“We were 3 weeks in Arbour Hill Prison. I was one day sitting on a pile of logs in the Prison yard when Tom Keogh [Kehoe] came over and said did I ‘usually sit on my eyes? Now don’t look up.’ I did get a glance up and saw [Major Jocelyn Lee ‘Hoppy’] Hardy of the Black & Tans, [Head Constable Eugene] Igoe of the Murder Squad and two [British] Intelligence Officers in the window.”
A Special Discovery
During one identity parade, Bill Stapleton and the other prisoners not involved were cleared out of the quadrangle into the adjoining walled cemetery. There he had a novel experience. Looking around, to his amazement he noticed “one or two graves were marked MacDonagh or Pearse from 1916“, the rest being unmarked. He was privileged as an Irishman. At that stage – and until after Independence – access to Arbour Hill cemetery and the famous Rising graves was closed to the public.
Other Prison Conditions
Bill Stapleton says “the sweeping and cleaning of the corridors, etc. were carried out by [British] soldier prisoners“; and that he and his cellmate (Fred Schweppe) “were allowed to mix, in the forenoon and I think for an hour in the afternoon, with the other political prisoners for exercise.”
Incidentally, none of the three men quoted above commented on the food. Perhaps suggesting it wasn’t too bad?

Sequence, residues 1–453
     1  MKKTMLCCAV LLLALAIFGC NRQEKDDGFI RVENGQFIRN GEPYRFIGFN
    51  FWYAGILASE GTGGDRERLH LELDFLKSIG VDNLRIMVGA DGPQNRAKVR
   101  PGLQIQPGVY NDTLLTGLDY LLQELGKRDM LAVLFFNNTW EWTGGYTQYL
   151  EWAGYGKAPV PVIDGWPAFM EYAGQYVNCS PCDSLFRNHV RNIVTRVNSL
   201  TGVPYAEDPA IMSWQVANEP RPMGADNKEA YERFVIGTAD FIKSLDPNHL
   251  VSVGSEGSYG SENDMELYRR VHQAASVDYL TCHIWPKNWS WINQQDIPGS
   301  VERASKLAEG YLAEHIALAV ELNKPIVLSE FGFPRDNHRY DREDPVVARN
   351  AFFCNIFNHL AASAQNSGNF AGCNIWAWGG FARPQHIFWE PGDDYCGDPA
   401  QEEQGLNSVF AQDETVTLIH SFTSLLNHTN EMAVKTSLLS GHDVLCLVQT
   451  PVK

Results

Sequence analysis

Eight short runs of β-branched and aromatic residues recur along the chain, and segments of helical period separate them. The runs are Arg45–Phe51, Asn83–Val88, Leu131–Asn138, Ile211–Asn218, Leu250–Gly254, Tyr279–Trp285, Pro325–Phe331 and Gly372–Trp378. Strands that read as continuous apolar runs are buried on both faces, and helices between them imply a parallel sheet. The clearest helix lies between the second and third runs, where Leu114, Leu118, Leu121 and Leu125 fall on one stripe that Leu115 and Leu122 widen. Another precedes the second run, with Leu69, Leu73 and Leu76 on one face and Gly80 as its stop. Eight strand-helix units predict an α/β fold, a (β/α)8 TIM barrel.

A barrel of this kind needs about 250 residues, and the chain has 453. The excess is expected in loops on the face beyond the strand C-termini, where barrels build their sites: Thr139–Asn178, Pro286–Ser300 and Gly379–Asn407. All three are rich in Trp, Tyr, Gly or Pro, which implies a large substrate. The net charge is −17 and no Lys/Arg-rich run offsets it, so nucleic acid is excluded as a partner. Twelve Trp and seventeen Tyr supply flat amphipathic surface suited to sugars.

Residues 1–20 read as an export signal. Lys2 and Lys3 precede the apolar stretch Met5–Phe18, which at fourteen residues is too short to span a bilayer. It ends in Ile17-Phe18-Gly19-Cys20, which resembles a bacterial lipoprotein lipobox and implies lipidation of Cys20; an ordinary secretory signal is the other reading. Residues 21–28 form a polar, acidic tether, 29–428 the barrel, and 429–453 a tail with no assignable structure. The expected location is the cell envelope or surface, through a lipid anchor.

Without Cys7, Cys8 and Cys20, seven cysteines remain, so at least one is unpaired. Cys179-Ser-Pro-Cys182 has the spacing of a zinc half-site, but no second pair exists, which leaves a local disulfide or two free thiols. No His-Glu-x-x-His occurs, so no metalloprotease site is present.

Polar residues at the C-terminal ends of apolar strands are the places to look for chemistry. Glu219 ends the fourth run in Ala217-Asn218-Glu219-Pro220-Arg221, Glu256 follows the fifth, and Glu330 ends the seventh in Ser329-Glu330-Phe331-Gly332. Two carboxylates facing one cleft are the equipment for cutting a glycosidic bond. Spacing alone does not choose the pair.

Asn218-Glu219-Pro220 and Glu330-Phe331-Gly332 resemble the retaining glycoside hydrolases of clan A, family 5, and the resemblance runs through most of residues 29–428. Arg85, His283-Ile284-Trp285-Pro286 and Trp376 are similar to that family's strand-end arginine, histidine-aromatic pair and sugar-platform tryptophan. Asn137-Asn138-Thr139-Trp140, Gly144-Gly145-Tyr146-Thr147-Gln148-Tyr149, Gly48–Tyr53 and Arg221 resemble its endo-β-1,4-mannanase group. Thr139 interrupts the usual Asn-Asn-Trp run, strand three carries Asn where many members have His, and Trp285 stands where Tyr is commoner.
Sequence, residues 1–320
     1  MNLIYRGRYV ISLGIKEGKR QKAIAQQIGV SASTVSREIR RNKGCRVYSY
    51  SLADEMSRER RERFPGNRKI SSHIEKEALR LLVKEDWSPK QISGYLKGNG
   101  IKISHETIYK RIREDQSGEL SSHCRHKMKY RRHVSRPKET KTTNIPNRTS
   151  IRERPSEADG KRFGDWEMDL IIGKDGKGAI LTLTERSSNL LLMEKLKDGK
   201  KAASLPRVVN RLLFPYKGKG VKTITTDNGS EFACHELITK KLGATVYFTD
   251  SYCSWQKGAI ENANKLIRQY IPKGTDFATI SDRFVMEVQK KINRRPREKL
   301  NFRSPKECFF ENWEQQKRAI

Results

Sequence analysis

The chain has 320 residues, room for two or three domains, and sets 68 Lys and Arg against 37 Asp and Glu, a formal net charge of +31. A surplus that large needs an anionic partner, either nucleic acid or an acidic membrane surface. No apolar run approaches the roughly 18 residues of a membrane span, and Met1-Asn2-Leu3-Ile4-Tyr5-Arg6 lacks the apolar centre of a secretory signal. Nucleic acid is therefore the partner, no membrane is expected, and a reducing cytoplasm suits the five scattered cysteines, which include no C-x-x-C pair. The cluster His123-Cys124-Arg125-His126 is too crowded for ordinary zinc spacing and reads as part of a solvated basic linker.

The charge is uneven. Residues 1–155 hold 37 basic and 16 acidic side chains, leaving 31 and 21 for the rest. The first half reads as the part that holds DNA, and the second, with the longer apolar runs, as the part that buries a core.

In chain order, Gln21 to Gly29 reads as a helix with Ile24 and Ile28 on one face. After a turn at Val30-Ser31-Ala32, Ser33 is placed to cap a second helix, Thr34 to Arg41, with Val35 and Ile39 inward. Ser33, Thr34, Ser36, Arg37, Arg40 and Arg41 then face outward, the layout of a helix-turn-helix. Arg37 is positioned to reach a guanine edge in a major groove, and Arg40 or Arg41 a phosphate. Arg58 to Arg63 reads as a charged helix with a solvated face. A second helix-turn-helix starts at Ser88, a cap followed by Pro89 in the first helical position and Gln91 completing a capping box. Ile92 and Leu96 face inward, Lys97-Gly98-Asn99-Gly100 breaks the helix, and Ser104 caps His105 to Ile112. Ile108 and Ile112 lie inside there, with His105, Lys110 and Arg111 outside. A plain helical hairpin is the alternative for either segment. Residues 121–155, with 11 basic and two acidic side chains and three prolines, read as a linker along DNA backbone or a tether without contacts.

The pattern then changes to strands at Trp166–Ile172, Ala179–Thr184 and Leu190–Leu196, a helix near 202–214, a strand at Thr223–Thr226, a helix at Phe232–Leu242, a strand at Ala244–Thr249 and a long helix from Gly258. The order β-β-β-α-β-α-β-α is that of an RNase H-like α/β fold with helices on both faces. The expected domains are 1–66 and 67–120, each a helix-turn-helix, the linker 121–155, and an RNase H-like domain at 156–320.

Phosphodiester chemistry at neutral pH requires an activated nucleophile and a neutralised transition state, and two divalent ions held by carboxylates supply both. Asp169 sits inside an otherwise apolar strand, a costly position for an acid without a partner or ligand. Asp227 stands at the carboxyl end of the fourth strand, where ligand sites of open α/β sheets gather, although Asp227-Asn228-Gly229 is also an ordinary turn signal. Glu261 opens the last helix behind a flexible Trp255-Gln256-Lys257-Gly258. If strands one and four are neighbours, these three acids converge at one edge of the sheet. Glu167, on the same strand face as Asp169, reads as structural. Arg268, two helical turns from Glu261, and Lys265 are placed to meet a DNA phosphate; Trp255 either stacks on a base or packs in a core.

One man who did mention part of the menu was Eamon Broy, one of the IRA’s top agents in the police. He spent a fair time in Arbour Hill and refers to the usual breakfast of porridge, bread and tea. He also tells us an NCO warder informed him that no prisoners were ever beaten up in Arbour Hill. Rules dictated that armed crown forces visitors had to leave their weapons with the governor before being allowed to see prisoners. He speaks well of the governor and the English soldier-warders, noting they behaved far better towards the prisoners than a couple of Irish guards. By all accounts the place seems to have been run relatively humanely.
A Planned Rescue Attempt?
In the Military Service Pension application by Michael Byrne (C Coy, 4th Battalion), there is this intriguing exchange (page 24, his interview board hearing):
“Question: Attempted armed rescue of IRA prisoners from Arbour Hill?
Answer: We all surrounded Arbour Hill. The escape was to come off at 12 o’clock in the day. It did not come off and we waited till 3 o’clock. Then one of the men had a look over the wall and he discovered there was a double guard on. The game was given away and the job was called off.“
He places this as occurring in the 1 April to 11 June 1921 period. A second man from the same unit who corroborates Byrne’s account of a planned break-out goes into a bit more detail. The way Jim Fulham outlines his knowledge of the scheme makes it sound a bit hairy. But we should recall that such high-risk operations were a necessity and par for the course in the circumstances and did sometimes succeed spectacularly.
Conclusion and Further reading
Hopefully, the Reader has gained some insights into what early captivity was like for most of the Custom House Fire Brigade. Not too harsh, yet very stressful and far from any sort of picnic. But the men brought to Dublin Castle had far harsher treatment and darker tales to tell (see Christy Fitzsimons).
A far more extensive account of experiences in Arbour Hill during the Tan War (with favourable opinions on Major Currey the British military commandant and his warders) can be found in the Witness Statement of IRA prisoner Col. Joseph V. Lawless. By the way, a cousin of Custom House fatality Mahon Lawless.